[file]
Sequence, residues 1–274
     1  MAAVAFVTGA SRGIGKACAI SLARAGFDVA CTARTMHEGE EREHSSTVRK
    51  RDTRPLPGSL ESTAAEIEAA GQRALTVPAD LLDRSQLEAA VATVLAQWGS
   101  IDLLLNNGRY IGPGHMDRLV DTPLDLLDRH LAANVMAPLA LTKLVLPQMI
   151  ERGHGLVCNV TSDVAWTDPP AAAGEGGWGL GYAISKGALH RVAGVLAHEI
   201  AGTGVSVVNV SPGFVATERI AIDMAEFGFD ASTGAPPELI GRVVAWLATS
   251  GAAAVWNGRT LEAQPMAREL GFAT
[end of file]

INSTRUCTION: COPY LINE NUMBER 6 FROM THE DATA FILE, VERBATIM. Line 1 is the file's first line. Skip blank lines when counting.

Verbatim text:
   201  AGTGVSVVNV SPGFVATERI AIDMAEFGFD ASTGAPPELI GRVVAWLATS